This is an excerpt from Teaching Children Dance-3rd Edition by Theresa Purcell Cone & Stephen Cone.
Applying 21st-Century Skills to Teaching Dance
The best news about the educational buzz surrounding the 21st-century skills is that creativity, collaboration, critical thinking, self-direction, problem solving, and global awareness are taking center stage in education. These skills are inherent to dance education. They form the foundation for content and pedagogy. Future employment and products will rely on the creative capacity of people to think in new ways and create new solutions that improve our lives. Through dance, children have the opportunity to explore diverse ways of moving, find multiple ways to express an idea and feeling, and use their imagination and creative-thinking skills to create a dance. Our current students will create the future in which we will live. Developing their abilities to use critical reflection about what they have learned and created will guide them to see multiple perspectives and be able to discover alternative outcomes. Children who are growing up in the 21st century need to manage the complexity and diversity of everyday living and their careers. They will need to be more fluid, more flexible, more globally aware, and more innovative (Cookson 2009). Each time a teacher asks students to find various ways to make a round shape with their bodies or move across the space using various directions and levels, the students engage in creative thinking to discover solutions to the task. As the students make the shape and move across the space, they evaluate the success of their solutions and increase their knowledge of the ways the body can move to express and communicate a concept. This self-directed moment builds on previous creative experiences and develops the children’s understanding that many solutions exist through using the exploration process.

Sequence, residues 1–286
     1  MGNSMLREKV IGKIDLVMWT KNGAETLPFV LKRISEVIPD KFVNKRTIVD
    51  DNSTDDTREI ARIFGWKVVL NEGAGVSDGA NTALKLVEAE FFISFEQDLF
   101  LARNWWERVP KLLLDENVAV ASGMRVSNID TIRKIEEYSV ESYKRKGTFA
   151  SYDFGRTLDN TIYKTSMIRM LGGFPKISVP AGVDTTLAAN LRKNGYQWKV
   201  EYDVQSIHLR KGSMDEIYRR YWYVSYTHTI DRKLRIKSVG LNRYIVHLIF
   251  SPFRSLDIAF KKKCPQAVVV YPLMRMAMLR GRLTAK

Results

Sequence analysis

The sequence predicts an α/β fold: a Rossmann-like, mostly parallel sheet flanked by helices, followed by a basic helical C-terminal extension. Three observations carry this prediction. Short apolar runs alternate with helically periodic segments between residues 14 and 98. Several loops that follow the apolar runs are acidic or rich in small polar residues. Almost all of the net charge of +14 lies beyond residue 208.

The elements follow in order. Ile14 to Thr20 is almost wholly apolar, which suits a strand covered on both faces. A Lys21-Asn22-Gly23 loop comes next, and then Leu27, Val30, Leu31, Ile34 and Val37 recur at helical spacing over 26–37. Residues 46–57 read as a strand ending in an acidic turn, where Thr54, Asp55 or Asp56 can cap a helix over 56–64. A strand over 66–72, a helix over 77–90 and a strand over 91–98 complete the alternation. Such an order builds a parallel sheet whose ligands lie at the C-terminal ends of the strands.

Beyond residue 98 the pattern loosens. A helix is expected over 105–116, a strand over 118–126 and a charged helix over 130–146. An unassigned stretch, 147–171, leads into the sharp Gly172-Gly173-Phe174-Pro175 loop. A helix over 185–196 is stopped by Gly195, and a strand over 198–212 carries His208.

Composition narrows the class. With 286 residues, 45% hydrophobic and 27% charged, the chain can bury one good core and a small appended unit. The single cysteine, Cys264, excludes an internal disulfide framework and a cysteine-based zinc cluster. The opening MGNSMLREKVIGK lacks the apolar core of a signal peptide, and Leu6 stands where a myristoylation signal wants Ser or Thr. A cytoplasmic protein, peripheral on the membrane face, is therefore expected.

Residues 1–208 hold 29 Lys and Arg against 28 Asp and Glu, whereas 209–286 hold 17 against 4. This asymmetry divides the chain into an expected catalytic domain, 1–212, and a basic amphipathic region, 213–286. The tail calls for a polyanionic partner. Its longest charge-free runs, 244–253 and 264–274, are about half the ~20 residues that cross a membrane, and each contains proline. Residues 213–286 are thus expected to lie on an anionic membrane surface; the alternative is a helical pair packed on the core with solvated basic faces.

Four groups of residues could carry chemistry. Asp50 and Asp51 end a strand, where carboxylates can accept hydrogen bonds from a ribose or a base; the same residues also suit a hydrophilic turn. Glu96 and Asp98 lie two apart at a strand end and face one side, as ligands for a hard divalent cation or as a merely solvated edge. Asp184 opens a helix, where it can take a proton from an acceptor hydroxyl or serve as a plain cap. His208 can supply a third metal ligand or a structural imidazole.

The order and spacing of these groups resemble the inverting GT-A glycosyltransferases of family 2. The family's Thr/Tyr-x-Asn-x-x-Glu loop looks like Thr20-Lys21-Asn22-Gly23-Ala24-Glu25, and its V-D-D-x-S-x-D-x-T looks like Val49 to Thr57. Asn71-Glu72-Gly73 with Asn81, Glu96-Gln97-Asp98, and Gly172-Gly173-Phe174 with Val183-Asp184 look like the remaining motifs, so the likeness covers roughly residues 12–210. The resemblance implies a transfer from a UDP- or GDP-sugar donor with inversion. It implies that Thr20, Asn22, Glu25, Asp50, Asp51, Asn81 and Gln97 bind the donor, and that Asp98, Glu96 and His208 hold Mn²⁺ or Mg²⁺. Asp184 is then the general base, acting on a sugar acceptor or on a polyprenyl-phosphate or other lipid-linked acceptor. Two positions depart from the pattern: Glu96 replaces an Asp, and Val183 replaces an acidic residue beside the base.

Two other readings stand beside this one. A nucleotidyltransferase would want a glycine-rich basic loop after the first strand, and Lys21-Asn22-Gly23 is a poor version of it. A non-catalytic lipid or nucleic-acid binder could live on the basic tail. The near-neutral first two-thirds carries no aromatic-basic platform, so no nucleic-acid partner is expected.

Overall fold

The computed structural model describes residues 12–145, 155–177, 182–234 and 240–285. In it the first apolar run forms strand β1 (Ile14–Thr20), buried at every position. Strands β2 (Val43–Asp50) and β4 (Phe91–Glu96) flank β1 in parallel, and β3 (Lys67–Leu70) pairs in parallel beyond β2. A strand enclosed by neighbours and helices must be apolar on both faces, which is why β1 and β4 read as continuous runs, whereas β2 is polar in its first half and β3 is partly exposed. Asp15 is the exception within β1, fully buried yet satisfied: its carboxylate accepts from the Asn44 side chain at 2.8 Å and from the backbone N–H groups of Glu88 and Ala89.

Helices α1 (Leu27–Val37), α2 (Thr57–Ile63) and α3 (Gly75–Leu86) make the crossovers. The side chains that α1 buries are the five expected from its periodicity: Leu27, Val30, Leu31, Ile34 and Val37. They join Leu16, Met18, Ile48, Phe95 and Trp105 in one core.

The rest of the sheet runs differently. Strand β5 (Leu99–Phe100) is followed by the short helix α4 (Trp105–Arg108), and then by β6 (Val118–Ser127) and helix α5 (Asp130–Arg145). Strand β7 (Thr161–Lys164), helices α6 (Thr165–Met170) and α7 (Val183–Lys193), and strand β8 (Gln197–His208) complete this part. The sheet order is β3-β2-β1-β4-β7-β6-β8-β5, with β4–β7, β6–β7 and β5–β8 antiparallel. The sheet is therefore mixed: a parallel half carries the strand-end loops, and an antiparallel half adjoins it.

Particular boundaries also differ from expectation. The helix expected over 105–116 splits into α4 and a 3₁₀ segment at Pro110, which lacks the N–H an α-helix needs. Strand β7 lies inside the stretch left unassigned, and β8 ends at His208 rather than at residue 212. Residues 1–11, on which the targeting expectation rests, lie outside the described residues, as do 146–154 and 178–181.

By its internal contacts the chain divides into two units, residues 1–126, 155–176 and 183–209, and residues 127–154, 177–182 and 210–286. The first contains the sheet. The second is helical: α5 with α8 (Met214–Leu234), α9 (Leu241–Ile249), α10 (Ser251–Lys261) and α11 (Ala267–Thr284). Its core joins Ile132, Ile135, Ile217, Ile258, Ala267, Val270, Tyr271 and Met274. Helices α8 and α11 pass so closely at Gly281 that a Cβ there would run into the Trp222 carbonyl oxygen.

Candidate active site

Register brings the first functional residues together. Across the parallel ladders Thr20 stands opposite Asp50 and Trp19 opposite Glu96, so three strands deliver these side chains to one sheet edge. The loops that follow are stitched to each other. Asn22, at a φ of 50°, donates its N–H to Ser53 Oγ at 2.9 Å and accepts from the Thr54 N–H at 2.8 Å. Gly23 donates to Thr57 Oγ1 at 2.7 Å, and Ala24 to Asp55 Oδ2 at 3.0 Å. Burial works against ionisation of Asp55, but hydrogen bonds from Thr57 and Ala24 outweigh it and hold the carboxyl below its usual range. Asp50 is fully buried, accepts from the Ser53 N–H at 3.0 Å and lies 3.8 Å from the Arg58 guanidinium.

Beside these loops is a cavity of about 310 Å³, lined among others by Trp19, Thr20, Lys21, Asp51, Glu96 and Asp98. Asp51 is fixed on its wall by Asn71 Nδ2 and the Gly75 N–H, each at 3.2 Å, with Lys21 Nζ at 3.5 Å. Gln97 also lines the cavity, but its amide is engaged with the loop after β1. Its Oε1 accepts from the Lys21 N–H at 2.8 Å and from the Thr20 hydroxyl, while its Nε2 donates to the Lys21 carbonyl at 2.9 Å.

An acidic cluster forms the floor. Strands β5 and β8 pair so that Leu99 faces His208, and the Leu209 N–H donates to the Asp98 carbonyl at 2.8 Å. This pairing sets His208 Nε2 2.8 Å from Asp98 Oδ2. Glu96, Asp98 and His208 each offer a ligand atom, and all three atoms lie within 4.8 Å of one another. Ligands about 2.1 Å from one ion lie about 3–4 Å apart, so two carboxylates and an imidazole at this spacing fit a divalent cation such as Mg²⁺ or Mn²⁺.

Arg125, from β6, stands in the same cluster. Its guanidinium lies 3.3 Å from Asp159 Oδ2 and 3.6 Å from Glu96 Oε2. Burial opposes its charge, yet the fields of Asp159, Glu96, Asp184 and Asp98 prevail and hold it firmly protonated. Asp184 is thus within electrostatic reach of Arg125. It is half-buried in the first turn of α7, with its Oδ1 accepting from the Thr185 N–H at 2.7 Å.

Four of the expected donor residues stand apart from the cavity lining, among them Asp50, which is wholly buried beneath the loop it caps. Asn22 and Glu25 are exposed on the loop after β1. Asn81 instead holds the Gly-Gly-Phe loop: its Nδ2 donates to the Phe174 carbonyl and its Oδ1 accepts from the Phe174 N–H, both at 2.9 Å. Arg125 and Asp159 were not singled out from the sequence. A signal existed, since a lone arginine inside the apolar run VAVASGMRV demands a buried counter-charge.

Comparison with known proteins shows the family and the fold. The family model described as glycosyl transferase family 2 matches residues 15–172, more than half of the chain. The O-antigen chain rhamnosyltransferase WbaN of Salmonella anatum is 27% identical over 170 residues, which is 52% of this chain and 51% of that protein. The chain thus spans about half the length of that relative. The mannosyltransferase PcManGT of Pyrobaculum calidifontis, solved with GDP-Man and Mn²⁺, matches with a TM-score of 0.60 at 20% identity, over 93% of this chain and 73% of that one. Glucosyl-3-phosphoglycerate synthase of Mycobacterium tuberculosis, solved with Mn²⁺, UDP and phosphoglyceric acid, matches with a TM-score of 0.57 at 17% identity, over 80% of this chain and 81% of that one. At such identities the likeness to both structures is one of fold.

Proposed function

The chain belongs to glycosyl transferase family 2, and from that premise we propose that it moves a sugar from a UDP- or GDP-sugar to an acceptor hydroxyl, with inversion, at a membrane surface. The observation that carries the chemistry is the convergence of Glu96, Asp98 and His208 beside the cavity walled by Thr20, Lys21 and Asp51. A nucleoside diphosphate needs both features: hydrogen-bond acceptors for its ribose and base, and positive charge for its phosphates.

When children dance together, they collectively share in the cognitive process of remembering a movement sequence and collaborating to create or perform a dance. Students learn that each group member can offer new ideas that benefit everyone. This generation of students has opportunities to observe, create, and perform dance through new technology that did not exist a few years ago. They can see dance at any time through Internet sources from around the globe. New ideas, dances, moves, and forms of dance are created and available for viewing and invite interaction. Static, traditional definitions of dance are challenged as the body and technology blend to birth a new generation of dances and dancers. Dance educators who encourage children to voice their own ideas, embrace cultural diversity, and view dance as a conduit to teaching innovation provide learning experiences that prepare their students to be productive members of society. The body and its movements are what we all share as humans. Knowing how to collaborate with others, seek fresh insights, and value ingenuity is an achievable outcome in a dance curriculum that offers authentic learning experiences and challenges students to think beyond the conventional response.
Learn more about Teaching Children Dance, Third Edition.